So the American Brain Tumor Association’s December 11th webinar entitled “Nutritional Supplements for brain tumors” - - seems both important and timely.

If you haven’t watched a webinar, no worries. If you have access to the internet, you can watch. You can watch with friends, from a hospital room or from you living room wearing pajamas. I’ve watched several webinars (no, I didn’t wear pajamas) and have found them to be helpful.

Part of the reason that I like them is that I like to see and listen to folks (like  Dr. Chaudhary) than I like to read stuff, even important stuff. 
Here’s the ABTA’s promotional copy about the seminar:

“Many brain tumor patients have questions about which supplements they can take, should take, or can safely take with other medications and treatment regimes.  What happens if your doctor does not have the answer or is not open to this type of discussion?  There are other brain tumor patients who will choose to take a regiment of supplements on their own without trying to discuss it with their doctor at all. Your doctor and healthcare providers are your team members in your brain tumor journey, you need to partner with them in your care. 

Join Rekha Chaudhary, MD, assistant professor of medicine at the University of Cincinnati Neuroscience Institute as she presents Supplements for Brain Tumors.  Dr. Chaudhary will present the research behind nutritional supplements, which ones to avoid, which ones will help with various side effects related to brain tumors, and if there are any new studies on the horizon involving brain tumors and supplements. This webinar includes an online Q & A session with  Dr. Chaudhary. The webinar will also be recorded and the link will be sent to all registrants after the live session. Please make sure to enter a valid email address when registering to ensure you receive the link to view the webinar. “

Copyright: <a href=''>melpomen / 123RF Stock Photo</a>

Monday, November 3, 2014

College Basketball Brain Tumor Victim Gets Shots of a Lifetime, Makes Both

Brain Tumor victim news generally comes in two forms: bad and worse. Occasionally, though, this worst of diseases brings out the best in people. When I mean the “best,” I mean “compassion”, “empathy” and “caring” that sometimes can only be seen or read or experienced with a smile on your face.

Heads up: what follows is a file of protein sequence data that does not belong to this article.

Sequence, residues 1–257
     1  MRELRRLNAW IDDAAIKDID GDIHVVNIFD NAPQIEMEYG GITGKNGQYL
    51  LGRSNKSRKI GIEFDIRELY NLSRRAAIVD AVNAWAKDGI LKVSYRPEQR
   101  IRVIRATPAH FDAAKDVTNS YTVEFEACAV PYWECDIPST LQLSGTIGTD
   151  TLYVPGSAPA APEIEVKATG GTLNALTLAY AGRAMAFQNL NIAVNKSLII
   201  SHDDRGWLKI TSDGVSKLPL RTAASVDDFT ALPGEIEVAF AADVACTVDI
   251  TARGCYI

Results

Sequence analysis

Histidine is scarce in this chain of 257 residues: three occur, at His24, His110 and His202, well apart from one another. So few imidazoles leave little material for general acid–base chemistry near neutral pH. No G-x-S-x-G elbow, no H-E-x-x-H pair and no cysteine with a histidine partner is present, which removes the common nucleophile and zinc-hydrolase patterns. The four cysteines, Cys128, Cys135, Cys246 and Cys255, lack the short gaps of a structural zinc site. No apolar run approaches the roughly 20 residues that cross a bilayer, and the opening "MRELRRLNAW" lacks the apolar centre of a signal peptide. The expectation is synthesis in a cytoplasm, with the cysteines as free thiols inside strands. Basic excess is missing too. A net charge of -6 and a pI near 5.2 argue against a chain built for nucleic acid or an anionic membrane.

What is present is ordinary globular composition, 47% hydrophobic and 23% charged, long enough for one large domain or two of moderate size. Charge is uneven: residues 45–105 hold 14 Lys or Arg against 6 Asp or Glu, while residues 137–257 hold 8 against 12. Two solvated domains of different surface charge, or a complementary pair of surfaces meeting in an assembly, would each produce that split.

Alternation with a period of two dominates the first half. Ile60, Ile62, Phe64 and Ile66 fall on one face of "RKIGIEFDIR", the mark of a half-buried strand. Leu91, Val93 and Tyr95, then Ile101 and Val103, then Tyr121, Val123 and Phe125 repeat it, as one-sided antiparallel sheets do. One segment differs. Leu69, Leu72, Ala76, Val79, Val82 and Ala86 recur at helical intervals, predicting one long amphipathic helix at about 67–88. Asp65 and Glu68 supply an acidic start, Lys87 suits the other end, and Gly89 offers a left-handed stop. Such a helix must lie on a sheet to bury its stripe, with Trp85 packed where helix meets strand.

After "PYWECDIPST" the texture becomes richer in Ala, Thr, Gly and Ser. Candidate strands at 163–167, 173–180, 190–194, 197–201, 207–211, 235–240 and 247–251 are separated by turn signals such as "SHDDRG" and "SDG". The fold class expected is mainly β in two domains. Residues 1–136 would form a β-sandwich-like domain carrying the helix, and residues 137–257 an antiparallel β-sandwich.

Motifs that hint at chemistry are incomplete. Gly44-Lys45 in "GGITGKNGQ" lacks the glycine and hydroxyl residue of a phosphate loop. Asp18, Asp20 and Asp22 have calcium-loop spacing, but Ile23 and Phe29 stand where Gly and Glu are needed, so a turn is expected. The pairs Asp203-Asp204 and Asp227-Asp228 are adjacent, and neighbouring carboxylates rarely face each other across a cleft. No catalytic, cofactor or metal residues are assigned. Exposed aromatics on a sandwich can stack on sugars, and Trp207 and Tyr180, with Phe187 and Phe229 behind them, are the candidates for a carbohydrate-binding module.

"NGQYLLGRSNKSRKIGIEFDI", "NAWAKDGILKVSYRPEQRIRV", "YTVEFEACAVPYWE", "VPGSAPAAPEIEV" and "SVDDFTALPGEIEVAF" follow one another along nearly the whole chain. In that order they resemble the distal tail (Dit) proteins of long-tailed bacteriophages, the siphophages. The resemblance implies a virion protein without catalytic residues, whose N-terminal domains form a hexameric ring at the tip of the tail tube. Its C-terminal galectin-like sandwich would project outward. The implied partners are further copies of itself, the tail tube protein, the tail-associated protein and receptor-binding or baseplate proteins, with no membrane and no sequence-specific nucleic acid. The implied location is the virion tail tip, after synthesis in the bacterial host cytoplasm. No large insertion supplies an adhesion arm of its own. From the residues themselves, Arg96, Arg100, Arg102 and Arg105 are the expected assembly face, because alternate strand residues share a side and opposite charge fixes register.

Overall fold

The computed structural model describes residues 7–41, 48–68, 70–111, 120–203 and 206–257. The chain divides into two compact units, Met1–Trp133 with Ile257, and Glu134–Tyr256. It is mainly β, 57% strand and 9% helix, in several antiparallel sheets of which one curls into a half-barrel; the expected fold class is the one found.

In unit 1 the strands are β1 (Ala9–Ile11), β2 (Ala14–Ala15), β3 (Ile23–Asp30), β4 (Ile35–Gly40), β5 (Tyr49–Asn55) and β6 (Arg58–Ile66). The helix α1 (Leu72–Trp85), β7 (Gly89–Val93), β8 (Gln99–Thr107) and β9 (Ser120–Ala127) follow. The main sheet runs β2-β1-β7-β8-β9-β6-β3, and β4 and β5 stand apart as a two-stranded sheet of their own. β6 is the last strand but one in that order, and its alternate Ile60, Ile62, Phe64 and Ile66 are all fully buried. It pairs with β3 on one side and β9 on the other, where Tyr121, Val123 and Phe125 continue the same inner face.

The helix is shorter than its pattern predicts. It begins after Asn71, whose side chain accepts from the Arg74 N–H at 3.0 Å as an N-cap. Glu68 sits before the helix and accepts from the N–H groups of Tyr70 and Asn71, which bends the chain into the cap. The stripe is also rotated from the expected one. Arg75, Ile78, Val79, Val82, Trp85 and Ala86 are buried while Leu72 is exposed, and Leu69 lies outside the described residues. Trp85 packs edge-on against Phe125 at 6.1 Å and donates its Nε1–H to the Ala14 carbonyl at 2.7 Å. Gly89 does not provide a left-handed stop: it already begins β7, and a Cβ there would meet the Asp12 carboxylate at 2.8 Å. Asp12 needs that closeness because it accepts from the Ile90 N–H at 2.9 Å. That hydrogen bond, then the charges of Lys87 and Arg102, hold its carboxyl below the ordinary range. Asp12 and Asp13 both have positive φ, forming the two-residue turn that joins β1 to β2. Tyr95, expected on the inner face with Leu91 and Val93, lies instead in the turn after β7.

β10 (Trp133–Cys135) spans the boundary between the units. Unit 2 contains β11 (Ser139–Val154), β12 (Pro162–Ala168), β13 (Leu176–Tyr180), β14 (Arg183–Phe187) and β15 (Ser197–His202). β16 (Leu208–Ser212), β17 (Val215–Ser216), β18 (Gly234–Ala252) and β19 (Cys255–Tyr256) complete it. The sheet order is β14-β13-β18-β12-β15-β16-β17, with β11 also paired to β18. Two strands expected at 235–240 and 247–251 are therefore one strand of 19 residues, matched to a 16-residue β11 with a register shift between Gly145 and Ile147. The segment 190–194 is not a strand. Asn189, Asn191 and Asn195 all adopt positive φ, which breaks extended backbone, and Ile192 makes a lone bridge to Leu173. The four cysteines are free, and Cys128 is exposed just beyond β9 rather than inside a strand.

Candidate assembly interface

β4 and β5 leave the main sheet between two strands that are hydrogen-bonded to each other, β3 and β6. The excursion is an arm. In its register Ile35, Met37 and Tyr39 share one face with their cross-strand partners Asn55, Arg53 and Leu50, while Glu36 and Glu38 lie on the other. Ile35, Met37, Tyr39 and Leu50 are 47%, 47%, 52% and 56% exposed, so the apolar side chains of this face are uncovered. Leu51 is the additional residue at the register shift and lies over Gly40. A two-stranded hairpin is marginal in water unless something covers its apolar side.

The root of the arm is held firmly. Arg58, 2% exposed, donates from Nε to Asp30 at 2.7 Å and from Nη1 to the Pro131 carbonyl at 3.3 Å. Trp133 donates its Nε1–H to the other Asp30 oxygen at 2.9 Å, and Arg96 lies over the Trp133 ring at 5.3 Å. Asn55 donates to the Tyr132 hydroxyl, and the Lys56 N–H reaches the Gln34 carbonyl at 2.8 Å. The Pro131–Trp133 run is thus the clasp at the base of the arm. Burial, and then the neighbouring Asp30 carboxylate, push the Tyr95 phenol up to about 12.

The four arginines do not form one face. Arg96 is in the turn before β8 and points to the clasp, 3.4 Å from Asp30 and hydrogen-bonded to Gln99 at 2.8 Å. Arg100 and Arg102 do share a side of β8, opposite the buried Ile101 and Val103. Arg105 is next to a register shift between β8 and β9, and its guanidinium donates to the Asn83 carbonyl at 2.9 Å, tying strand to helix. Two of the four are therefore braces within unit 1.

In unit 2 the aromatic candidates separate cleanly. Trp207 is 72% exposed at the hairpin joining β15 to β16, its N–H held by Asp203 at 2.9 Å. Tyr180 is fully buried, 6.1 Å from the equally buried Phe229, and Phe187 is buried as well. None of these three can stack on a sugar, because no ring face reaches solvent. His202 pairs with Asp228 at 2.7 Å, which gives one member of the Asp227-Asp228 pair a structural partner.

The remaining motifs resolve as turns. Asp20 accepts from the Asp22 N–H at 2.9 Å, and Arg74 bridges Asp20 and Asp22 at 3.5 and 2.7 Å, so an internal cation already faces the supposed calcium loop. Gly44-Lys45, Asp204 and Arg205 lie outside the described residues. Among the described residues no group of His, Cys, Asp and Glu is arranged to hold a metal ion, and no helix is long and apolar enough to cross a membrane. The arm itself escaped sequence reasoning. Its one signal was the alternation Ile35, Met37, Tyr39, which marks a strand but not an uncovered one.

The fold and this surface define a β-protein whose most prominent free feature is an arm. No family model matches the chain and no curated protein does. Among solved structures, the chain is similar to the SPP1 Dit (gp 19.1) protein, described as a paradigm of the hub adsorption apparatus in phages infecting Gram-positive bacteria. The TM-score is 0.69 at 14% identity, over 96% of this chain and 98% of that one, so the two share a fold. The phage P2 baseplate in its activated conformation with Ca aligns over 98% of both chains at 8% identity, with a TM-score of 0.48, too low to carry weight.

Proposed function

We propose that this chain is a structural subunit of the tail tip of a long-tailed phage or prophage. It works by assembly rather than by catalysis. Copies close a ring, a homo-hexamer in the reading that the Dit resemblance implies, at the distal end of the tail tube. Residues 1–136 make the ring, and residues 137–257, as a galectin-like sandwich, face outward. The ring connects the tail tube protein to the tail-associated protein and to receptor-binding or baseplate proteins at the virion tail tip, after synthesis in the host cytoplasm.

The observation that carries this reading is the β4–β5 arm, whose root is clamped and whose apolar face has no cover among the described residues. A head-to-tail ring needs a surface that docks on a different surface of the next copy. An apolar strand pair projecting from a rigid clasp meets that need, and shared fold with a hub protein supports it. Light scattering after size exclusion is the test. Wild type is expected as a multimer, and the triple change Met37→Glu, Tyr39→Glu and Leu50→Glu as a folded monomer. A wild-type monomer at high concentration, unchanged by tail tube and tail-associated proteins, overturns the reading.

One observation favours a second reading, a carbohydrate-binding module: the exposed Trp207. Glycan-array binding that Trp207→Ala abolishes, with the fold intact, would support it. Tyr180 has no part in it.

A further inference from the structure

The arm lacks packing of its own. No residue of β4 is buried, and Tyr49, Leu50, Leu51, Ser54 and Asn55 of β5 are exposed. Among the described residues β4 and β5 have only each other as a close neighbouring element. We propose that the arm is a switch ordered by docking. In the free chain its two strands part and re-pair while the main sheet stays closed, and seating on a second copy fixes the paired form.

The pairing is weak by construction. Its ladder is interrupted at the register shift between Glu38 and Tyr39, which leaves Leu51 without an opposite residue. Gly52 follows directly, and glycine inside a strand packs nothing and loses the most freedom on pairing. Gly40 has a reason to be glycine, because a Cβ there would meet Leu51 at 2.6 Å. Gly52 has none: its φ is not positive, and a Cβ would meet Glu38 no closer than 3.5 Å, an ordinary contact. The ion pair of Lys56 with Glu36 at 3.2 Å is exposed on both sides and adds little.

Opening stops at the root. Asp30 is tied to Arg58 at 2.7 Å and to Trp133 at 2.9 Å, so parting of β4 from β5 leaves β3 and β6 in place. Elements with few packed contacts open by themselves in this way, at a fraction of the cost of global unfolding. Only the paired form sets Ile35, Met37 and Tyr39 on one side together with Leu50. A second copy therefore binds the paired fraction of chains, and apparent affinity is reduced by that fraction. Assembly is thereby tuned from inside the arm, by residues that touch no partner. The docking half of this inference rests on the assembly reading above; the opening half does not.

Since this brain tumor business doesn’t bring many smiles, especially lately, here’s a story about brain tumor victim Lauren Hill receiving the Pat Summit Award this past weekend which should do just that:

AP Writer Gary Graves writes about a game where inoperable brain tumor victim Lauren Hill, got a chance to make a couple of baskets. In fact, according to Graves, “…the freshman forward for Division III Mount St. Joseph's stirred a capacity crowd just by taking the court.”

He went on to write that “Much depends on Hill's health and energy as she deals with an inoperable brain tumor that has left her with just months to live. In between making two layups that started and finished Sunday's 66-55 victory over Hiram College and brought a crowd of 10,250 to its feet she spent much of her inspiring game sitting on the bench wearing sunglasses and headphones.”

That’s because “Hill's condition has made her extremely sensitive to sensations her teammates and opposing players take for granted, but she still enjoyed the bright gym and the cheering crowd. And she certainly savored her two baskets on a day she will never forget.”

I hope you read the story and it brings a smile to your face, too.


PS – And here's a link to the NBC News segment by John Yang on Lauren that appeared last night: